SYMPOSIA PAPER Published: 01 January 1970

X-Ray and Electron Microscope Studies of Calcined and Sulfated Limestones


Calcitic limestone and Iceland spar were shock calcined at temperatures in the range 750 to 1300 C, and the products were examined by electron microscopy and X-ray diffraction to determine the pore size, structure, and crystallite size of the calcines. The calcination took place in two stages: dissociation of the calcium carbonate and recrystallization of the oxide.

Samples of the same materials, with and without prior calcination, were treated with a gas containing 4 percent sulfur dioxide at 750, 1050, and 1200 C, and examined as before to determine the degree and manner of sulfation. The limestone calcines were consistently more reactive with sulfur dioxide than were those of the Iceland spar; the difference is attributed to the larger crystallite size of the initial Iceland spar and an unfavorable distribution of pores in the spar calcines. Sulfation occurs in two stages: a general surface reaction of the sulfur dioxide and oxygen with the calcium oxide, and a subsequent diffusion-controlled reaction through the sulfatecovered outer surface to the unreacted lime core.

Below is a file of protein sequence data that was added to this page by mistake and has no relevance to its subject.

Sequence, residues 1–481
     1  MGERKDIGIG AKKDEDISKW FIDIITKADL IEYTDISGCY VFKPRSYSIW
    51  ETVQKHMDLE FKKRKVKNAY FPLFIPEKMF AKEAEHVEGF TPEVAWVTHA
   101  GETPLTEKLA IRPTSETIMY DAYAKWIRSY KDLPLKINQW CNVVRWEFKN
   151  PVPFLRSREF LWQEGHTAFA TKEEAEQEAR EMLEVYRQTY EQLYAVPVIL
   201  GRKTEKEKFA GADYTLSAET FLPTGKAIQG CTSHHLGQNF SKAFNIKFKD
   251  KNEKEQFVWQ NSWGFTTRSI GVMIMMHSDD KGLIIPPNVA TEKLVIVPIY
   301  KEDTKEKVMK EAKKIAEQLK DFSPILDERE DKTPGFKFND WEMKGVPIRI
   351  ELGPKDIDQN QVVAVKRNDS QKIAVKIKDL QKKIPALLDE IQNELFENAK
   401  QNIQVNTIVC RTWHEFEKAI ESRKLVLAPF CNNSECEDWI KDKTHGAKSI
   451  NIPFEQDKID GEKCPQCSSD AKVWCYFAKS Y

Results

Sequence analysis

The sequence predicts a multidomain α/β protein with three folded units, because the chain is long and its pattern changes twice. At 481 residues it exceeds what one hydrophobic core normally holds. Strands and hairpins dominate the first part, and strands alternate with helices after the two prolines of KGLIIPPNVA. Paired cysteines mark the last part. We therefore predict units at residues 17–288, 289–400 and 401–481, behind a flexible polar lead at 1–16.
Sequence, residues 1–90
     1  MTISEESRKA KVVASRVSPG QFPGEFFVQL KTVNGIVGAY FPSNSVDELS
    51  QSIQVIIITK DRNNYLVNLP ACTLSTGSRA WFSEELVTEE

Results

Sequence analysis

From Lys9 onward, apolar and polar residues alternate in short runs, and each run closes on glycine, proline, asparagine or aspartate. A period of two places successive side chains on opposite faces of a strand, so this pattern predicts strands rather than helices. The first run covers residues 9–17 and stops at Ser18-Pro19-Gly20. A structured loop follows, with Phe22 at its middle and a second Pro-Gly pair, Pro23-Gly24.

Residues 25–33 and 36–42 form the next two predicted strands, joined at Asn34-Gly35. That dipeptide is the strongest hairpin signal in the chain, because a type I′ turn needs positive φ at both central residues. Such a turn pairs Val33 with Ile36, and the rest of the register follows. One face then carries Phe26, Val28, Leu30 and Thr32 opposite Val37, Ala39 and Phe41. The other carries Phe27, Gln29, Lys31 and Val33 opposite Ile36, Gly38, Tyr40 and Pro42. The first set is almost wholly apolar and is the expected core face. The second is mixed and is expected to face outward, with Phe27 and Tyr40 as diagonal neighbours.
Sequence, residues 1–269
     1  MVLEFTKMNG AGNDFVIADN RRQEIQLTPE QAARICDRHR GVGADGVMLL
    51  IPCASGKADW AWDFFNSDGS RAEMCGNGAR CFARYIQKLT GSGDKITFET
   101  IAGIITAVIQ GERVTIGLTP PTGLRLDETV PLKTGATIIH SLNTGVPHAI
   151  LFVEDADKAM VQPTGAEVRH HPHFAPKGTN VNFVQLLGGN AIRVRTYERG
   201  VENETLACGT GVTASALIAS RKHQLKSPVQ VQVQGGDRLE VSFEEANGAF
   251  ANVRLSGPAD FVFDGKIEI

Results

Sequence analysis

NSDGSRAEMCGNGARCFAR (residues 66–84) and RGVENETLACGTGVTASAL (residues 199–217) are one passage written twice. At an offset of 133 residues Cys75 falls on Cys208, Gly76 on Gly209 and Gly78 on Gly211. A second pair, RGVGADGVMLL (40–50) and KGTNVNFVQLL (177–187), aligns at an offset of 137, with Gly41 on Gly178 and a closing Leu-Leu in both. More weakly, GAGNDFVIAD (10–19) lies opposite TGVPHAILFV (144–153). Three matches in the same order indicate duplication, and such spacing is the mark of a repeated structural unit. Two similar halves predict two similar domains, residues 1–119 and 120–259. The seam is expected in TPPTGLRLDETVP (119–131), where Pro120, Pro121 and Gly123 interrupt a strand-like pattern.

Calcite calcines react best with sulfur dioxide at temperatures below 1050 C. Simultaneous calcination-sulfation, as in the injection into the furnace of a coal-burning power plant, takes place best at temperatures of 1050 C or higher.

Author Information

McClellan, G.
Tennessee Valley Authority, Muscle Shoals, Ala.
Hunter, S.
Tennessee Valley Authority, Muscle Shoals, Ala.
Scheib, R.
Tennessee Valley Authority, Muscle Shoals, Ala.
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Developed by Committee: C07
Pages: 32–66
DOI: 10.1520/STP41934S
ISBN-EB: 978-0-8031-6039-2
ISBN-13: 978-0-8031-6193-1